A medical genetic evaluation should be obtained when a diagnosis of HPP is being considered. In many centers, this will be through a prenatal genetics clinic. A medical genetics physician or genetics counselor can help obtain gene testing and interpret results, especially if variants of unknown significance are found. If gene testing results are normal, alternative genetic causes for the apparent bony abnormalities can be pursued in consultation with the radiologist and obstetrician. Family genetic counseling should also begin when HPP is suspected, and a detailed pedigree should be obtained. Genetic counseling in cases of suspected HPP may be particularly difficult due to the autosomal-dominant and autosomal-recessive patterns of inheritance and the phenotypic heterogeneity of the disease [94]. The family should receive counseling by a clinician familiar with the treatment of children with HPP so that they are informed on available treatment options before making decisions about terminating the pregnancy.

Prompt diagnosis of HPP is important, as the health care provider must evaluate treatment strategies for newborns with HPP as early as possible. If the decision is made to treat, treatment should begin as early as possible postnatally. All decisions must be made in consultation with the parents. It is important to assemble a multidisciplinary team for care in the perinatal period. The team should include the following specialists: neonatologist, pediatrician, geneticist, endocrinologist, radiologist, nephrologist, specialist nurses, genetic counselor, social worker, physical therapist, occupational therapist, respiratory physician (especially if long-term ventilation is needed), and an ears, nose, and throat specialist, neurologist and craniofacial surgeon (if craniosynostosis is present). Neonatologists should be prepared to provide invasive respiratory support, as many babies born with skeletal dysplasias are likely to require ventilation.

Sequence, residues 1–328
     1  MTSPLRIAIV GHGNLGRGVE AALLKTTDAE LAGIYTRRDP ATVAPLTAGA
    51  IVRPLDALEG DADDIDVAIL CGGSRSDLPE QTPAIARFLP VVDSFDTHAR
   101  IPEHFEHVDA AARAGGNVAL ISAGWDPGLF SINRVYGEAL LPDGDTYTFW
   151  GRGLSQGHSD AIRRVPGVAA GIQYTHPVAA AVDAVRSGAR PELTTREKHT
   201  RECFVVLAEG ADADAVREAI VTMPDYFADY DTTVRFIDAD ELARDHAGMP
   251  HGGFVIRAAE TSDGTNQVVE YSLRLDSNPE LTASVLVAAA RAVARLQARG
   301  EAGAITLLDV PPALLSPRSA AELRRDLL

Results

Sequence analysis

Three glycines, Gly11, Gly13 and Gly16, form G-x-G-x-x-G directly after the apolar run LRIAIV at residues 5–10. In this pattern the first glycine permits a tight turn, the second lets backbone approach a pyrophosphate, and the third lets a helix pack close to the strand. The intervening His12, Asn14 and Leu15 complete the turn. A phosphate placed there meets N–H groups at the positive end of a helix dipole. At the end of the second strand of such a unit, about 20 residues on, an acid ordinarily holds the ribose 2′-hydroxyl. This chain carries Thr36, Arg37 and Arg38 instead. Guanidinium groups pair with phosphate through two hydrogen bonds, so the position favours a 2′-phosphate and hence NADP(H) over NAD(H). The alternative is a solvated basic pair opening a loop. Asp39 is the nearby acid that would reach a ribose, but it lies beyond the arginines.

Conclusion

Perinatal HPP is associated with a broad spectrum of imaging findings that overlap with other perinatal skeletal dysplasias. Certain features (e.g., sites of angulation and hypomineralization, spurs, metaphyseal characteristics) may help distinguish HPP from other skeletal dysplasias. ALPL gene mutation testing during pregnancy can confirm the diagnosis before delivery. Alkaline phosphatase results are essential for confirming a suspected diagnosis of perinatal HPP. Early recognition of the disease provides more opportunity for education and counseling to prepare the parents, allows for the assembly and preparedness of a multidisciplinary care team upon delivery, and provides additional time to consider and discuss treatment options, with the goal of improving duration and quality of life or minimizing unnecessary suffering for the affected child and the family.

Notes

Acknowledgments

Dr. Gen Nishimura of Tokyo Metropolitan Children’s Medical Center, Japan, contributed images that appear in this article.

Compliance with ethical standards

Conflicts of interest

This review was sponsored by Alexion Pharmaceuticals Inc. Writing and editorial support was provided by Lela Creutz, PhD, and Bina J. Patel, PharmD, CMPP, of Peloton Advantage, LLC, and funded by Alexion Pharmaceuticals Inc. Amaka C. Offiah has received consulting fees, travel support and research grant support from Alexion Pharmaceuticals Inc. for participating on advisory boards and to support her research. Jerry Vockley has received consulting fees, travel support and research grant support from Alexion Pharmaceuticals Inc. for consulting and participating on advisory boards. Craig F. Munns has received consulting fees from Alexion Pharmaceuticals, Inc. Jun Murotsuki has received honoraria, travel support and consulting fees from Alexion Pharmaceuticals, Inc.

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© The Author(s) 2018

Open Access This article is distributed under the terms of the Creative Commons Attribution 4.0 International License (http://creativecommons.org/licenses/by/4.0/), which permits unrestricted use, distribution, and reproduction in any medium, provided you give appropriate credit to the original author(s) and the source, provide a link to the Creative Commons license, and indicate if changes were made.

Authors and Affiliations

  1. 1.Academic Unit of Child Health, Sheffield Children’s NHS Foundation TrustUniversity of SheffieldSheffieldUK
  2. 2.School of Medicine and Children’s Hospital of PittsburghUniversity of PittsburghPittsburghUSA
  3. 3.The Children’s Hospital at WestmeadWestmeadAustralia
  4. 4.Sydney Medical SchoolThe University of Sydney, University of Sydney NSWSydneyAustralia
  5. 5.Aoba WardMiyagi Children’s HospitalSendaiJapan